Unluckily on our first day we were told that on the following day, violent riots could take place in the city as there was an issue with a nearby temple, where women were granted access to use the temple for the first time ever. The radical religious fanatics obviously didn’t like that, and the use of violence was expected. So the only way to get to Munnar was to leave in the early morning at 01:00 or 02:00 am, or we would have to stay a second night, and spend all day at the resort, as driving with a taxi or buses was prohibited for security reasons. We decided to leave at night.

However we were already pretty sure that we would stay one more night at the bamboo lagoon on our way back home to the airport.


Munnar was a contrasty destination in comparison to the backwaters and the beaches of Kerala’s coastal region. Munnar is a located in the mountainous area of Kerala. It looks very green and hilly and the temperatures tend to be much lower at night.

Our roadtrip to Munnar was quite an experience. In the end we can have a good laugh about it, however the behaviour of our driver was rather dangerous than hilarious. The taxi driver picked us up at 01:30 in front of the bamboo lagoon resort. We put our stuff in the trunk and our journey began. After a couple of minutes the cab was stopped by the local police. They asked where we were heading, as it wasn’t allowed to drive out because of the riots that would high-probably happen that day. We were allowed to move on.

On the road I noticed how the driving behaviour of our driver changed: accelerating, breaking, accelerating, breaking.. and it went on like this. I instantly knew he was too tired to hold the road. After having hit the sidewalk numerous times, the driver decided to have a break and sleep for 30 minutes. Later on he told us, that he hadn’t slept for almost 24 hours.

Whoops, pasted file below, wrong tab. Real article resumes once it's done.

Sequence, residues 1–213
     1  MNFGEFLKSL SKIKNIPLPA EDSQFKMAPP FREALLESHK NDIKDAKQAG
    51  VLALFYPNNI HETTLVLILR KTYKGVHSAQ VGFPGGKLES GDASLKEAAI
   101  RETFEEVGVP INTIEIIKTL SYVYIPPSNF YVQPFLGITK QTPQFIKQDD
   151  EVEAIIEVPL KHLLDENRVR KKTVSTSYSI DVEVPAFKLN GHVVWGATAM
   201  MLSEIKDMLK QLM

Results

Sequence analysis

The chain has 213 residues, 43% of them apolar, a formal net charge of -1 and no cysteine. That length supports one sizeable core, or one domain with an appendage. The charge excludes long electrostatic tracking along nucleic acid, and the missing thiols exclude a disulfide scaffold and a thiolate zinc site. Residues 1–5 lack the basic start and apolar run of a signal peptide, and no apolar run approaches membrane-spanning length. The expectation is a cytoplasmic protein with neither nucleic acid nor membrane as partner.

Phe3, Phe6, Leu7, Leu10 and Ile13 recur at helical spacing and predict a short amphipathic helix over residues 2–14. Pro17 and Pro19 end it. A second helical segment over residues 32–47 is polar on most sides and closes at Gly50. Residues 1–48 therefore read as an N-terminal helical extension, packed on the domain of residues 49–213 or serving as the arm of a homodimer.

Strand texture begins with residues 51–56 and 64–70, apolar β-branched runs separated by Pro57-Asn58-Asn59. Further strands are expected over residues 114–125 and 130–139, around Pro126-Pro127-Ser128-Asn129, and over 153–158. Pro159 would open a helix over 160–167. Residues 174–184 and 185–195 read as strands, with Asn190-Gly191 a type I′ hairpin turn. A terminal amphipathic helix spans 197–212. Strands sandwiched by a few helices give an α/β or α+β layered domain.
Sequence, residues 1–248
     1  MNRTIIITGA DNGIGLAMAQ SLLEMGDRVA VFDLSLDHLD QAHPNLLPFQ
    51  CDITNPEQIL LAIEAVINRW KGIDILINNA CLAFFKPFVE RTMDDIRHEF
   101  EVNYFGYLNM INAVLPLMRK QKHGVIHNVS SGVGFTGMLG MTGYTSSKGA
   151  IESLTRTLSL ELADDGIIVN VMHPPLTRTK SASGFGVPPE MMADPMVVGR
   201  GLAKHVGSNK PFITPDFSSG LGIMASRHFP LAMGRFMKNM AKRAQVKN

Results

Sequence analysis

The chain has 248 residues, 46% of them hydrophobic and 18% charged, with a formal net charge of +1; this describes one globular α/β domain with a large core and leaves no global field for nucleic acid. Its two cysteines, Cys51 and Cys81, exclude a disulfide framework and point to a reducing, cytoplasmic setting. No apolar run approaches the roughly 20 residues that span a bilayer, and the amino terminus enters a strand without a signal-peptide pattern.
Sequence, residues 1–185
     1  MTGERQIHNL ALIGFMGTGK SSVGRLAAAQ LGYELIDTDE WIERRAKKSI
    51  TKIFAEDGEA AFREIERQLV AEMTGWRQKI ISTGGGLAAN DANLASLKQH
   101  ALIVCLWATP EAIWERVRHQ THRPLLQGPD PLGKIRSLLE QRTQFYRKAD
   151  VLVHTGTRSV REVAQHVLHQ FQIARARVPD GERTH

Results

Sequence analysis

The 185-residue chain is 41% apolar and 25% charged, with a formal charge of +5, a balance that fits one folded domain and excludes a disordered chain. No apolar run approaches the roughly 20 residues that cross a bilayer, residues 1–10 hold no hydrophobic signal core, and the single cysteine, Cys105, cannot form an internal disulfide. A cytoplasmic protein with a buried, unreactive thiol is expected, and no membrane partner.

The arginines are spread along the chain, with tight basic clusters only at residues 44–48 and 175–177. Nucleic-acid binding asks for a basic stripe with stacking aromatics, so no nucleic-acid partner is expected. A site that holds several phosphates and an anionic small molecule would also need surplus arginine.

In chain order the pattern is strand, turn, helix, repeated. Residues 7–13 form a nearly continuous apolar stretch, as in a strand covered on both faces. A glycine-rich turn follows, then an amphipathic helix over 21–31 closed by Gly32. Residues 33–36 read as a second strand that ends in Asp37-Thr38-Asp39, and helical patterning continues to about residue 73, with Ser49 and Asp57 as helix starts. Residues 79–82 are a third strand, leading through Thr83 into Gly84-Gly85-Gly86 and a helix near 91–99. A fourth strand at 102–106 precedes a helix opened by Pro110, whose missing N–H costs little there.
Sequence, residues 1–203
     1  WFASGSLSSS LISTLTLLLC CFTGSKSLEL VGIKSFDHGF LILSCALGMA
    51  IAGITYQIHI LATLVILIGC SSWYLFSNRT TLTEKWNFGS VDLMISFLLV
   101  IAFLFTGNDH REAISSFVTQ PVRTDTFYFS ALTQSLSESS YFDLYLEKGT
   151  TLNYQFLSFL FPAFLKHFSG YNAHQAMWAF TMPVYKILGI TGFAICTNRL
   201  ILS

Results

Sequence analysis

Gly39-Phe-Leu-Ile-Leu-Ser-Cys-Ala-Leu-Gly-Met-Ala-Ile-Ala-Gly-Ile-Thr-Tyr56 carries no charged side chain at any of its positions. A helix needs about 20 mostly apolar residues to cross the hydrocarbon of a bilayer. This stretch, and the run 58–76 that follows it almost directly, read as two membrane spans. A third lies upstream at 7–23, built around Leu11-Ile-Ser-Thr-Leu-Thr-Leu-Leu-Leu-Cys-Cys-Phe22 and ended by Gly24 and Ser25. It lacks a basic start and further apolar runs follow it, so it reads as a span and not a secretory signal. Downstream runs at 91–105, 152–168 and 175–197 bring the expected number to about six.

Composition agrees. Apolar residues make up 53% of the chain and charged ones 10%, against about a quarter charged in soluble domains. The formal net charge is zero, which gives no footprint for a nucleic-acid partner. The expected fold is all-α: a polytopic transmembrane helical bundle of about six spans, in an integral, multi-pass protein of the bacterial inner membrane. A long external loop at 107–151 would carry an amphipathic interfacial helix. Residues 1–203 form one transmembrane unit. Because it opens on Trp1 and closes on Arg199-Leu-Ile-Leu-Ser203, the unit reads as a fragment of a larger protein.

We arrived in Munnar just before 07:00am. We stayed at the “Kaivalyam Wellness Retreat” for one night only. Before checking in we didn’t know that the resort had a fully-packed schedule with activities for their guests: free yoga classes, free tea tasting, early morning visits of the tea plantations, and many many more. They even gave free cooking classes 3 times a week. Obviously the cooking classes didn’t take place when we were visiting… as for myself, I’m always missing the best parts while traveling. Bummer!

The Kaivalyam Retreat was most definitely a beautiful place. Surrounded by endless trees, different kind of plantations (black tea, cardomon), it felt so refreshing breathing in the mountain air with all those scents outside of your room.

After having checked in, being led to our room, taking a shower… we notice the beautiful tree houses outside of our window. The lovely owner of the hotel, was so kind to give us a kind of upgrade, and let us move into one of the few tree houses that were available. Spending the night in a tree house was already worth the 5 hours we drove in a taxi to reach Munnar.

We were looking forward to discover the mighty green hills that we found on Google. Sadly during our visit, most of the tuk-tuk drivers were off work, because of the on-going strike all across Kerala. So it wasn’t possible to get to those greeny landscapes, as they were located 15 kilometers away from our resort.

Nevertheless, we were enjoying our 30 hours in Munnar. The 07:00 am yoga class was fun. It was interesting to witness the indian point of view about yoga, its flow, and how they practice it. We were executing all the asanas on traditional matt, rather a rug, and it kinda felt like I was doing yoga for the first time.

This was pretty much our Kerala trip.

So during a whole week, 7 days, we managed to visit 4 different cities: Kovalam, Varkara, Alleppey and Munnar (and we made it back to Alleppey and Kovalam on our last 2 days). Obviously we couldn’t experience all the parts of that beautiful state. But we experienced enough, to agree that it’s worth doing the drip. The whole trip changed my view of India, as it wasn’t actually that fun the first time I visited the country.

If you’re a fan of Bali or Srilanka, you will love Kerala.

Namaste to all the lovely people that crossed our path on this trip, … we met too many lovely ones!